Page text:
International arbitration rules and many arbitration laws usually provide procedures that permit tribunals to order parties to disclose documents and other materials to the other parties.1 More complex are the rules that determine opportunities to obtain discovery from persons that are not party to the arbitration (third-party discovery). This article will review third-party discovery under the Federal Arbitration Act (FAA) and the provisions of the US Code s.1782 that authorise US courts to act in aid of actions before foreign tribunals. Section 1782 has unique interest at this time because it figured prominently in the EU antitrust investigation of Intel that was initiated on request from Advanced Micro Devices (AMD). Early in that investigation, AMD filed a s.1782 request in the US District Court to obtain evidence from US sources for submission to the DG-Competition of the European Commission (EC). This request ultimately led to the Supreme Court’s decision in Intel Corp v Advanced Micro Devices Inc2 which appeared to significantly expand the scope of s.1782. Ironically, after AMD won on key legal issues in the Supreme Court, the District Court on remand exercised its discretion and denied the request for judicial assistance. This paper first describes the FAA non-party discovery rules and the split among the federal appellate courts concerning the authority of arbitrators to order prehearing discovery from non-parties. Next, it provides an analysis of the meaning of the terms “interested party” and “tribunal”—terms that were controversially interpreted by the Supreme Court in Intel and are essential to the application of s.1782. Finally, it discusses the “discretionary” factors used by the federal courts in deciding whether to grant a s.1782 request even when the statutory criteria are met. The opportunity to exercise this discretion seems to rebut the argument that the Supreme Court’s interpretation of s.1782 gives participants before foreign tribunals more discovery rights in the United States than are available to the parties in arbitrations covered by the FAA.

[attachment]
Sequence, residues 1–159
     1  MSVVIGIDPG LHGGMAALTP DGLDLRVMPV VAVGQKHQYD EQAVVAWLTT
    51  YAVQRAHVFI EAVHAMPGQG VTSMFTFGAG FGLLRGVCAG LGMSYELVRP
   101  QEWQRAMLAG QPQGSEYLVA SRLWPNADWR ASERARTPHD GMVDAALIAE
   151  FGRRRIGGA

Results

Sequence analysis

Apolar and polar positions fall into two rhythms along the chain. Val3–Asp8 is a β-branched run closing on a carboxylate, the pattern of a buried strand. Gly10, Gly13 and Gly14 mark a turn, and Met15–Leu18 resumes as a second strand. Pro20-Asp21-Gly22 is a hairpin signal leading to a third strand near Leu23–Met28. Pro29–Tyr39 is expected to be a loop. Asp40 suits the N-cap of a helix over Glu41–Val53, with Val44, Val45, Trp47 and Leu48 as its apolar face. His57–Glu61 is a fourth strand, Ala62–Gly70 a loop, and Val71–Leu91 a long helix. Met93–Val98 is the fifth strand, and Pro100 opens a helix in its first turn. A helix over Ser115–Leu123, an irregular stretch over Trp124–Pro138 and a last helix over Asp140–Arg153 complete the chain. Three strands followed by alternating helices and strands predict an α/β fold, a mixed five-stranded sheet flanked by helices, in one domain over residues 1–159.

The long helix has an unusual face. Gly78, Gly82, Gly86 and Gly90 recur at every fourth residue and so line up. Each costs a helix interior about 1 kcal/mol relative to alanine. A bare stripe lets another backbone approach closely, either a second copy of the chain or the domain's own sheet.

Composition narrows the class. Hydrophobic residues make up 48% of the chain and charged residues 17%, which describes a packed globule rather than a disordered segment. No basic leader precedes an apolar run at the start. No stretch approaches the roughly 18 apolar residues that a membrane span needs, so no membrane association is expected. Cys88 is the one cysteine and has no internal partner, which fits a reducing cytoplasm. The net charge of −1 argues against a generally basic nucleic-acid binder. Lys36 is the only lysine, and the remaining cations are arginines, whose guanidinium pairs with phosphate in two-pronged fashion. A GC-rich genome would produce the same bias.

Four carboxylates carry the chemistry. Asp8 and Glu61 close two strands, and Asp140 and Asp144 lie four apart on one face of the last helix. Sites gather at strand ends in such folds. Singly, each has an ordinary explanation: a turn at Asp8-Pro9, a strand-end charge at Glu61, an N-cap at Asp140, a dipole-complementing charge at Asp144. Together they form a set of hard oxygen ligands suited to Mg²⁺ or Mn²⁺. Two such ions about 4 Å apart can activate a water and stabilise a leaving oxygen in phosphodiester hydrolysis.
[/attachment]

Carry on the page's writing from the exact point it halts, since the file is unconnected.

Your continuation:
Available at: http://works.bepress.com/charles_verrill/1/